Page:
Evaluating risk of serious illness in children with fever is challenging. In the UK, clinicians are supported by the National Institute for Health and Care Excellence (NICE) guideline ‘Feverish illness in children’. This is a comprehensive guideline designed to support clinicians in primary and secondary care in the assessment and management of children with fever. It includes a ‘traffic light’-based system to identify clinical signs which predict risk of serious illness. Various studies have evaluated risk prediction rules for serious illness in children with fever and these have recently been reviewed.11 Such rules allow the stratification of risk, and the identification of low-risk thresholds may help to rule out serious illness, an approach undertaken in young infants.12 Despite this opportunity, little attention has focused on how such risk prediction influences decision-making relating to admission and discharge.

We systematically reviewed impact studies of decision rules to increase the safe discharge of children with febrile illness of all ages from the ED. We also reviewed diagnostic accuracy studies of prediction rules that identify children at low risk of serious infection with the potential to impact rates of discharge.

Methods

The population of interest is children of all ages presenting to the ED with an acute febrile illness. For impact studies, we included prospective studies of decision rules (all study designs), for which outcomes included rate of discharge from the ED. For diagnostic accuracy studies, prospective studies of children with febrile illness in which the target condition was serious illness, serious infection or serious bacterial infection (SBI) were included. Studies investigating restricted clinical presentations (such as meningitis) were excluded on the basis that only in ruling out all serious infection is a clinician able to discharge the child from the ED. Index tests were prediction rules composed of clinical or biomarker variables. Individual biomarkers have been extensively evaluated in the diagnosis of serious infection, and recently reviewed.13 No single biomarker is able to reliably rule out serious infection, and so we excluded studies of individual biomarkers, but included studies of multiple biomarkers, or biomarkers in combination with clinical signs. Similarly, studies of individual adjunctive tests, such as respiratory viral assays, were excluded. Reference standards were microbiological confirmation of serious infection, or consensus opinion based on predefined criteria.

A literature search of the MEDLINE database (1950–) was undertaken in October 2014 using the search strategy in box 1, limited to the English language. The search was updated and extended to include a search of the Cochrane database of systematic reviews in August 2015.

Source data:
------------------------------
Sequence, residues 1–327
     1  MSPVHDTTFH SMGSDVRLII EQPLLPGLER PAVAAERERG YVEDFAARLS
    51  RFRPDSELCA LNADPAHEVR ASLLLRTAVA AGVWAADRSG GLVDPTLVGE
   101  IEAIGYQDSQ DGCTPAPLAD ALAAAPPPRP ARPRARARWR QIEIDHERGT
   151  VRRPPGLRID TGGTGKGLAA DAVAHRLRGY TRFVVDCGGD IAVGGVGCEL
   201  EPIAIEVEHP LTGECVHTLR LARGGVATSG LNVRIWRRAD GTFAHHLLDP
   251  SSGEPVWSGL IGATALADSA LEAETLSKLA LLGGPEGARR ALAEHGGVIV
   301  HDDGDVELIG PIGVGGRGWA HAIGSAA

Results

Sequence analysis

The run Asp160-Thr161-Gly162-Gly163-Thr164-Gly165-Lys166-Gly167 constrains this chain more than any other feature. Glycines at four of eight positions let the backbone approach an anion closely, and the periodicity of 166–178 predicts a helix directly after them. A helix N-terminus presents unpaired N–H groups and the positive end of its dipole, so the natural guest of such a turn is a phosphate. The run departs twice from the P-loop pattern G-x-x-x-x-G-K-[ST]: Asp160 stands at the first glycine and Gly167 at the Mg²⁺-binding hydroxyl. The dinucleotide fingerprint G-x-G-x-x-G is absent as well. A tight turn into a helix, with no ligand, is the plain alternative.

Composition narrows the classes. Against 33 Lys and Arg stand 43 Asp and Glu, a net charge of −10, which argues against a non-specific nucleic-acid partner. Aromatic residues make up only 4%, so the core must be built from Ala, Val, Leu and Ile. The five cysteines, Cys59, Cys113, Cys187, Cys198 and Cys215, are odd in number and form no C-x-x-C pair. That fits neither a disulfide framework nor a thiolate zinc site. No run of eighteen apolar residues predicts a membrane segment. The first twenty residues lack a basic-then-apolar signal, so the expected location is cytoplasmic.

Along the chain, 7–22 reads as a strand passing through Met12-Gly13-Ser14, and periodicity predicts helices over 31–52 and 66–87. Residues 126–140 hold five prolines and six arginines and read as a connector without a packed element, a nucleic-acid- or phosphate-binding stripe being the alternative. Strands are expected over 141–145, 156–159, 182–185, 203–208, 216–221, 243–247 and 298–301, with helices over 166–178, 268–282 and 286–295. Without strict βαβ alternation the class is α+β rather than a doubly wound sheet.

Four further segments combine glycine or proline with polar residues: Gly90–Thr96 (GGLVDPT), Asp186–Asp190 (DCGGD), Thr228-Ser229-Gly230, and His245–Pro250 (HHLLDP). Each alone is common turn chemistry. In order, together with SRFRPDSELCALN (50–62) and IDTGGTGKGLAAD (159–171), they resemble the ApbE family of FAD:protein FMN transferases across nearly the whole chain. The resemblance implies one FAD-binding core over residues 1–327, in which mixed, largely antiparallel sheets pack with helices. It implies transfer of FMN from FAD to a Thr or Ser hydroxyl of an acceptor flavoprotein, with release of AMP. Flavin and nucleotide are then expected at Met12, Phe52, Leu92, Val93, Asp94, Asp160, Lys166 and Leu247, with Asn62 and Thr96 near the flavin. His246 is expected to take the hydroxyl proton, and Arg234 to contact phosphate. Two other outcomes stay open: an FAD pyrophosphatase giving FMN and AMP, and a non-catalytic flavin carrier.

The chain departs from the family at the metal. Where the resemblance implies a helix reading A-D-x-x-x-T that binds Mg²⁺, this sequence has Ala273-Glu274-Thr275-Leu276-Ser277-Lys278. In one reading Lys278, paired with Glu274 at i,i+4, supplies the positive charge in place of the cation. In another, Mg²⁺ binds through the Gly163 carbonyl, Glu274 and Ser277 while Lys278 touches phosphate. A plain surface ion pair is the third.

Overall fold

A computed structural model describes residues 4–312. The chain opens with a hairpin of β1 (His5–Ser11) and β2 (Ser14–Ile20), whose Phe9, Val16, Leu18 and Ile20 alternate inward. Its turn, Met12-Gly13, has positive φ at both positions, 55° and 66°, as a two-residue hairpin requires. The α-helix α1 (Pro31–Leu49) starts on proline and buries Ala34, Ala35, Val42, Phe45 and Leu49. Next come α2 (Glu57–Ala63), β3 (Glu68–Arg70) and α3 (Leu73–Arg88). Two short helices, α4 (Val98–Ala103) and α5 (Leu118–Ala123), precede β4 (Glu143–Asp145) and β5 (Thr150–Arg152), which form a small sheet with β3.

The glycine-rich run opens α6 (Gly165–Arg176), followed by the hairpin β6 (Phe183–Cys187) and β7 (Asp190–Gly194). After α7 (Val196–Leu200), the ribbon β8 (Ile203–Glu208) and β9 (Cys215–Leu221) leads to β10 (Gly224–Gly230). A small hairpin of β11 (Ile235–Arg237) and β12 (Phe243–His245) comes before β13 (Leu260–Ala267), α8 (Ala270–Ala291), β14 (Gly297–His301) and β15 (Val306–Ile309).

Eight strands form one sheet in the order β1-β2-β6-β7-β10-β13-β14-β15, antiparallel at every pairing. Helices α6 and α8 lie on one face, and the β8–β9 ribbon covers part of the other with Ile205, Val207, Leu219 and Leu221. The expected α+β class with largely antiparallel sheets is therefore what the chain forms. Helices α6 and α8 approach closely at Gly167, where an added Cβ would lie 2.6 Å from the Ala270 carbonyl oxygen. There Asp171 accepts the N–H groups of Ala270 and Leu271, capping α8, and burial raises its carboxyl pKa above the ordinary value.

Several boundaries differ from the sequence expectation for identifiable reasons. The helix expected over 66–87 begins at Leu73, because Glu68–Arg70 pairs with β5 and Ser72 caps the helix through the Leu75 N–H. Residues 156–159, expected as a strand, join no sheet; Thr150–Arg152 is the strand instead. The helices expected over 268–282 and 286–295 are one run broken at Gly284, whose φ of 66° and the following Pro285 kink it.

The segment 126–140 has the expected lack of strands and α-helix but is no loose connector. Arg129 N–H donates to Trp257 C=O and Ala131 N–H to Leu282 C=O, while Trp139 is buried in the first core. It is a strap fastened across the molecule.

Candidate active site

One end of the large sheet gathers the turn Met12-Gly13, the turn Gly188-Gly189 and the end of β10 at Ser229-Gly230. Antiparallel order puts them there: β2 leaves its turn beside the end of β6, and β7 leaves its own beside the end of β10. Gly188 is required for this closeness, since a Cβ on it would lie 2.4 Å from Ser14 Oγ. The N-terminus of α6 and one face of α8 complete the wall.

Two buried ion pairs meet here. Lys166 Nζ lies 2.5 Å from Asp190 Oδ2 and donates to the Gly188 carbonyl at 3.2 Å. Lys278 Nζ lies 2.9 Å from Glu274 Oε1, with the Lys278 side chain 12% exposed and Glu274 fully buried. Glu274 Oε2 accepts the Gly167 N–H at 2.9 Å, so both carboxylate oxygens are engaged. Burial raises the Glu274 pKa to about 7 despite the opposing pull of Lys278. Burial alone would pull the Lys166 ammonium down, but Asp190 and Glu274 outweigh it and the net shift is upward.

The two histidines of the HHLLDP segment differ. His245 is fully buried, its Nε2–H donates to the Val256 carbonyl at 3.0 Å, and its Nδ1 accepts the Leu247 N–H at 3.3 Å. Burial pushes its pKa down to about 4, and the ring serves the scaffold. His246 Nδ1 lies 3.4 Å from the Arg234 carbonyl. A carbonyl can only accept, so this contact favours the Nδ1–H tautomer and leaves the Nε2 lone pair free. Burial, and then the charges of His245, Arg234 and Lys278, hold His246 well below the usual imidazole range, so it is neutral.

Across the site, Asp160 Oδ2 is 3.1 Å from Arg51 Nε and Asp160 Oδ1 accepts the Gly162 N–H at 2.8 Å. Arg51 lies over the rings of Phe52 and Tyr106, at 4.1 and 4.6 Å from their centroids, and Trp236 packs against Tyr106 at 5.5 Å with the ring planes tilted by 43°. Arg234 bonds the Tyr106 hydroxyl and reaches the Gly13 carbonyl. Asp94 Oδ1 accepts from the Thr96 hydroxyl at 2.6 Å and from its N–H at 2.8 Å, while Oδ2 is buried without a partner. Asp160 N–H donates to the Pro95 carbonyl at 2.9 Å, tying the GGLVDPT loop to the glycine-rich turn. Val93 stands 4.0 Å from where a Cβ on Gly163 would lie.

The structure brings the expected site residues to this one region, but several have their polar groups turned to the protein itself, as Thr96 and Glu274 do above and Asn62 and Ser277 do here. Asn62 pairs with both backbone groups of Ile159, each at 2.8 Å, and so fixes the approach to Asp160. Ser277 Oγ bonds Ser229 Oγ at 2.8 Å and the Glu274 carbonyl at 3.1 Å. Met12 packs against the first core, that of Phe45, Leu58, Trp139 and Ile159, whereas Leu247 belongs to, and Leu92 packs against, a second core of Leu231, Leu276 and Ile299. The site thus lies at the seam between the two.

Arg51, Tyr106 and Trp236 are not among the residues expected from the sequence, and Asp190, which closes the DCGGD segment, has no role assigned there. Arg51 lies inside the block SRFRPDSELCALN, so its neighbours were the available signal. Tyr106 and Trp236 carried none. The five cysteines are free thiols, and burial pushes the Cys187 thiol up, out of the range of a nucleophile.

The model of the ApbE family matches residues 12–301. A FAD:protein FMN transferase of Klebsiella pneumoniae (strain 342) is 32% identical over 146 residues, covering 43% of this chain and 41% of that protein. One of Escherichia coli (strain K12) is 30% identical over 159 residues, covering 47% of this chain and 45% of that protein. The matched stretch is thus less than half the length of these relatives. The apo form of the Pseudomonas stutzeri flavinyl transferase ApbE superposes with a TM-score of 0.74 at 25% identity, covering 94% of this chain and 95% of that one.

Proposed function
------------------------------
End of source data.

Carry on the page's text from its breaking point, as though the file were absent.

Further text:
Box 1

Search strategy

(“discharge”[MeSH Terms] OR “discharge”[All Fields]) OR (“diagnosis”[MeSH Terms] OR “diagnosis”[All Fields] OR “diagnostic”[MeSH Terms] OR “diagnostic”[All Fields] OR “predict*”[MeSH Terms] OR “predict*”[All Fields]) AND (“infection”[MeSH Terms] OR “infection”[All Fields]) AND (“emergency”[MeSH terms] OR “emergency”[All Fields]) AND (“infant”[MeSH Terms] OR “child”[MeSH Terms] OR “adolescent”[MeSH Terms]).

Returned titles were independently inspected by two authors (ADI and JW). The full text manuscripts of relevant abstracts were obtained and prospective studies included. Hand searching of the bibliographies of retrieved articles was undertaken.

Diagnostic accuracy studies were independently evaluated for quality by ADI and JW using the QUADAS-2 framework,14 while impact studies were evaluated for risk of bias using the tool developed by the Cochrane collaboration.15 Disagreement was resolved by discussion. Trial characteristics and results were extracted into Excel forms by ADI. For the objective of ruling out serious infection, negative likelihood ratios (NLRs) were calculated by extracting the number of true and false positives and negatives and creating 2×2 tables in the ‘epiR’ package of R.16 ,17 No attempt was made to contact study authors if data were insufficient to calculate likelihood ratios.

Studies reporting the same index test were combined using the bivariate random effects model of Reitsma in the ‘mada’ R package.18 Summary estimates of NLRs were calculated using the SummaryPts() function as described by Zwinderman and Bossuyt.19 The effect of the specific index test used was estimated by comparing bivariate meta-regression models using a maximum likelihood method.18

Results

Thirty-three primary studies were identified. Figure 1 provides a flow diagram of the search process. Two impact studies evaluated decision rules,20 ,21 and the remainder were diagnostic accuracy studies of prediction rules. The characteristics of included studies are available as online supplementary tables. There was a well established literature on prediction rules to identify low-risk young infants (less than 3 months of age). As this mirrors the clinical situation, with young infants being evaluated differently than older children, we report literature relating to young infants and older children separately.